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Math Help - Partial Derivatives

  1. #1
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    Partial Derivatives

    Suppose f is a differentiable function of x and y, and g(u,v)=f(e^u+sinv, e^u+cosv) use the table of values to calculate gu(0,0) and gv(0,0).

    at (0,0) f=3, g=6 fx=4 fx=8

    I have no clue how to do this someone please help
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  2. #2
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    Quote Originally Posted by multivariablecalc View Post
    Suppose f is a differentiable function of x and y, and g(u,v)=f(e^u+sinv, e^u+cosv) use the table of values to calculate gu(0,0) and gv(0,0).

    at (0,0) f=3, g=6 fx=4 fx=8

    I have no clue how to do this someone please help
    Let x = e^u+\sin v and y = e^u+\cos v so

     <br />
g_u = f_x x_u + f_y y_u = e^u f_x + e^u f_y<br />
     <br />
g_v = f_x x_v + f_y y_v = \cos v f_x - \sin v f_y<br />

    Do you have a table of values for f_x(1,2) and f_y(1,2)?
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  3. #3
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    If the problem say "use the table of values" you had better have a table of values! Please post the entire problem, including the table of values.
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  4. #4
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    fx(1,2)=2, fy(1,2)=5, f(0,0)=3, f(1,2)=6, g(0,0)=6, g(1,2)=3, fx(0,0)=4,fy(0,0)=8
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  5. #5
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    Welcome back! Do you see why you needed to know fx(1,2) and fy(1,2)?
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  6. #6
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    Well I am not the same person who posted this thread. However, assuming this person was referring to problem #11 of section 11.5 of Essential Calculus-Early Transcendentals (James Stewart), then these are the correct values. If I am not mistaken, gu(0,0)=fx(1,2)e^u +fy(1,2)e^u =2e^0 +5e^0=7. gv(0,0) is not much different.
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  7. #7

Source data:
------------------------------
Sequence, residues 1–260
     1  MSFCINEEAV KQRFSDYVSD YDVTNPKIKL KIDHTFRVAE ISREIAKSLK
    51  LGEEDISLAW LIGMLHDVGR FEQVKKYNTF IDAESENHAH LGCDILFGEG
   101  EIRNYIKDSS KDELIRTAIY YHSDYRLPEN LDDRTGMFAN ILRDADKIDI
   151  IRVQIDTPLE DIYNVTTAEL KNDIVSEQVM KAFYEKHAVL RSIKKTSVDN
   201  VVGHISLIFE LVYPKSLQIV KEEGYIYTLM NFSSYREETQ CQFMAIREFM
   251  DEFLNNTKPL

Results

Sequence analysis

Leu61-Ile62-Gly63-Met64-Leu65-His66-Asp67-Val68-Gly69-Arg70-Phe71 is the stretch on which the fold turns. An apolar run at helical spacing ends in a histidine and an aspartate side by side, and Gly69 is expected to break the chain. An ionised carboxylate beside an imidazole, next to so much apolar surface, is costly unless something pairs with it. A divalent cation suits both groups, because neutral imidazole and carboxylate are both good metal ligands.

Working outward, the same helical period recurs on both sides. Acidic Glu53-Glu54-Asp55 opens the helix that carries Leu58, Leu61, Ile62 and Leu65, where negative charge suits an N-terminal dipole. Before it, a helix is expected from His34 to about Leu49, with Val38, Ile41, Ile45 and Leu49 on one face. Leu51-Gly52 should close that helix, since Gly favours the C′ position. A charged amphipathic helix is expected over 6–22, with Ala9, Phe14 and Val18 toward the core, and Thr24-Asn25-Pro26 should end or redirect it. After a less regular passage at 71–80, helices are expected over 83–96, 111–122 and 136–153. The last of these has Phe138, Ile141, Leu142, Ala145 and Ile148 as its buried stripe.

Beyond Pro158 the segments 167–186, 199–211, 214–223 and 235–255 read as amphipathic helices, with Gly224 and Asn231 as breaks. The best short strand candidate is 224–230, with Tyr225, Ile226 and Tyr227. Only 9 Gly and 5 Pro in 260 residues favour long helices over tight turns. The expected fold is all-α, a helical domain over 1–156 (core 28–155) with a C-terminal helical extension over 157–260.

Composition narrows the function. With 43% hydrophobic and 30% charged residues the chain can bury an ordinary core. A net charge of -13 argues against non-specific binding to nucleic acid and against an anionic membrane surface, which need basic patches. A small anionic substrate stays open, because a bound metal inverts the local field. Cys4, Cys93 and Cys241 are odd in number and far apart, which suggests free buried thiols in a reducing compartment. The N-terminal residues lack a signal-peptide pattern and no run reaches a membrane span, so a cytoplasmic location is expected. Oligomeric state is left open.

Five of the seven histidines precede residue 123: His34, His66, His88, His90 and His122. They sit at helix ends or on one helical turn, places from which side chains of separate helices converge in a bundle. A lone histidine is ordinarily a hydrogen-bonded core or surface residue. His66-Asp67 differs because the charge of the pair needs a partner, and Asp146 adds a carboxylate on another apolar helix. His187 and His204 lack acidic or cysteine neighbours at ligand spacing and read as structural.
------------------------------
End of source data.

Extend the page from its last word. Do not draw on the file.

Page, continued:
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    Oh, I see! (Although if you had gone on a 4-month quest for the table of values perhaps you would have have returned a different person!)

    I don't think you're mistaken. Hopefully you can also see how Danny was holding one variable constant while differentiating with respect to the other.
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    Re: Partial Derivatives

    Hopefully bringing this thread back to life.

    I'm working on the exact same problem, and I have a handful of questions.

    First of all, What exactly is G(v) and G(u)? I'm trying to follow along on this, and I'm understanding most other questions around it, but I'm at a loss for this one.

    I understand transfering the initial equation down to x=e^u +sin(v) and y=e^u +cos(v),

    but after that, I don't quite understand how to get to G(u)=Fx(Xu)+Fy(Yu)=e^(u)Fx + e^(u)Fy, or the same for G(v)

    Any help is appreciated. Apologies for not fantastic formatting, just started up.
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  9. #9
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    Re: Partial Derivatives

    Quote Originally Posted by Sabertooth View Post
    First of all, What exactly is G(v) ...?
    No one put the v in brackets - now it reads "function G of v" but you want to be saying "derivative with respect to v of g (which is a function of u and v)." So you say gv, if you can format it so. (Maybe why you resorted to upper case g.) Or gv(u,v), or for particular values 0 and 0 for u and v, gv(0,0). In other words, dg/dv.

    Just in case a picture helps...



    ... where (key in spoiler) ...

    Spoiler:


    is the chain rule for two inner functions, i.e...

    \frac{d}{du}\ f(x(u), y(u)) = \frac{\partial f}{\partial x} \frac{dx}{du} + \frac{\partial f}{\partial y} \frac{dy}{du}

    As with...



    ... the ordinary chain rule, straight continuous lines differentiate downwards (integrate up) with respect to x, and the straight dashed line similarly but with respect to the (corresponding) dashed balloon expression which is (one of) the inner function(s) of the composite expression.



    Sorry I cluttered it a bit, because of the notation issue.


    _________________________________________

    Don't integrate - balloontegrate!

    Balloon Calculus; standard integrals, derivatives and methods
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